Shaun King Announces He’s Closing Charity And Will Return All Donations
Black Lives Matter activist and New York Daily News columnist Shaun King is shutting down a nonprofit organization he started just months ago and will return all donations he’s received since last September, he announced on Facebook.
King’s move came just hours after The Daily Caller published an expose detailing his inconsistent statements involving charities he’s started in recent years. TheDC found no records of incorporation for Justice That’s All, an organization for which King began taking donations in Sept. 2014, just after the shooting death of Michael Brown. (RELATED: Charities Touted By Black Lives Matter Activist Shaun King Appear To Have Never Existed)
A business partner of King’s also disputed a claim the activist made in 2013 that their company would direct some of its revenues to an affiliated nonprofit foundation. That charity never existed, the business partner told TheDC.
“At the impassioned request of my family, friends, and closest advisors, I have decided to cease the operations of Justice Together,” said King, who formally registered Justice Together in June.
The ambitious project, which had Black Lives Matter activist Deray McKesson and journalist Glenn Greenwald on its board of directors, sought to create a 50-state coalition to fight police brutality.
But after months of ignoring volunteers working on the project, King announced earlier this month that he was downsizing the organization to just one chapter. Volunteers and donors were unhappy with King’s management, and many called him out on social media. Others compared his work on Justice Together to his handling of Justice That’s All, which also closed down without notice in November or December of last year.
“Unfortunately, I am afraid my best intentions have become a hindrance,” King wrote Tuesday. “Toward that end, we have refunded every single donation that we’ve ever received (all the way back to September of 2014) and will no longer be accepting donations privately or publicly. We will securely and permanently delete your contact information from all databases.”
It is unclear from King’s Facebook post if TheDC’s reporting prompted the move. It is also unclear how much in donations King raised for Justice Together and Justice That’s All.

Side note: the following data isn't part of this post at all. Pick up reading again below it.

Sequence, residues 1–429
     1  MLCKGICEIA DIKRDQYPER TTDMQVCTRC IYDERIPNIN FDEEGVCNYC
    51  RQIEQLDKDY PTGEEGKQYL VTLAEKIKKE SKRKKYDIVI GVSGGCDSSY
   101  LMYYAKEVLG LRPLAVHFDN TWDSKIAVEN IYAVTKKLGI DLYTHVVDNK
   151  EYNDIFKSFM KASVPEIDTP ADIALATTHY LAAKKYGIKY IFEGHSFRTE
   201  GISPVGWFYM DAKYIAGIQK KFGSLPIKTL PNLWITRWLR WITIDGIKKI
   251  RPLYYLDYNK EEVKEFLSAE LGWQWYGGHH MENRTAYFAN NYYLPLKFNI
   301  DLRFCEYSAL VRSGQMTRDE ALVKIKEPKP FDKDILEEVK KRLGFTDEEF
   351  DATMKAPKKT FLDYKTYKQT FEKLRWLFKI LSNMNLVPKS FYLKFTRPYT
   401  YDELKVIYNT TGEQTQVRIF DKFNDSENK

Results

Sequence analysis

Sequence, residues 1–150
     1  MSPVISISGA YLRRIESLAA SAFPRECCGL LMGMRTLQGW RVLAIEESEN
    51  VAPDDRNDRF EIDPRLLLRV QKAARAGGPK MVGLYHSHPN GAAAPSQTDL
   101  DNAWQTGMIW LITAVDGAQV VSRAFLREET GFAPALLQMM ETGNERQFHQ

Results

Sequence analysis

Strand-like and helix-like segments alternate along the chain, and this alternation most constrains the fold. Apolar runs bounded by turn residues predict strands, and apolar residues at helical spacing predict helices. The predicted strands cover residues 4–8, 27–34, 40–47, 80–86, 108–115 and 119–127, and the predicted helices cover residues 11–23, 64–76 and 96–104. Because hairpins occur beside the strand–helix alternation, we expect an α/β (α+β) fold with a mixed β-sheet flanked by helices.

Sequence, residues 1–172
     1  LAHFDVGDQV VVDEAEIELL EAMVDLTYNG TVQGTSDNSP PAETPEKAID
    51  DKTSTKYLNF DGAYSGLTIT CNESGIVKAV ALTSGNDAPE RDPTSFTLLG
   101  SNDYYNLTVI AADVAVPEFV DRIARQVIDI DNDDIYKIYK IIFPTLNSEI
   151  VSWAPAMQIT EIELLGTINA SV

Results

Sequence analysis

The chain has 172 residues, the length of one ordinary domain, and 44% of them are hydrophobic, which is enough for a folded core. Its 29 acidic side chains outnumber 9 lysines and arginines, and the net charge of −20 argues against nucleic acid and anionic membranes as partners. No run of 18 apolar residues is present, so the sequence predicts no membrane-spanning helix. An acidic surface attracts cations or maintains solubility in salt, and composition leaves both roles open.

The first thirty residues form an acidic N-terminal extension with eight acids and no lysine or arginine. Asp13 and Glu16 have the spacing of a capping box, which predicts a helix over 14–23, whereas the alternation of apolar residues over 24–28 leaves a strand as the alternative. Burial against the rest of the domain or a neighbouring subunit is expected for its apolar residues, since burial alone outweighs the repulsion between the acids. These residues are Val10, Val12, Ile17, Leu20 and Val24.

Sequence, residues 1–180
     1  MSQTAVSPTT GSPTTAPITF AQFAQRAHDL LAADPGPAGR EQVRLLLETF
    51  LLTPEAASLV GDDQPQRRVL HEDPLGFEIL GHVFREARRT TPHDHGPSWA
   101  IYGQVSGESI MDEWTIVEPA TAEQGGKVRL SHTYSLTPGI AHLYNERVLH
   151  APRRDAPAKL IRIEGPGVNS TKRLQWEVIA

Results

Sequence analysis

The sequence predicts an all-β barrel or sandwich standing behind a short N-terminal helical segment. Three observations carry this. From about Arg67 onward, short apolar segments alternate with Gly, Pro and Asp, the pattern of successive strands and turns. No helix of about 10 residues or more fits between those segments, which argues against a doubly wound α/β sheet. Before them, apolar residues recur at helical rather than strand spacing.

King’s critics had also accused him of failing to provide information about donations and spending. Some volunteers claimed that when they questioned King about that, they were ridiculed and blocked on social media. That sparked further accusations that King’s operations were not above-board.
King said that he will continue to write for the Daily News, where he was hired last month. Prior to that, King wrote for the left-wing Daily Kos.
While admitting that he has caused his supporters “disappointment,” King said that he was unable to devote his full attention to Justice Together because of the “attacks my family has continuously suffered these past three months.”
That’s a likely reference to the scrutiny King has come under about other aspects of his past. TheDC revealed in July that a story King has told on numerous occasions about an incident at his high school in 1995 in which he said he was attacked by a group of white racists was not matched by a police report filed at the time. The report, and the investigating detective, did not characterize the incident as a hate crime, as King has said. The fight involved a girl, according to the report and several witnesses.
In August, Breitbart News reported that the man listed on King’s birth certificate is a white man, a revelation which was at odds with his claim to be bi-racial. King responded to that article in an essay, saying that his mother cheated on the man listed on his birth certificate with a “light-skinned black man.” Nevertheless, King is still routinely accused on social media of lying about his race.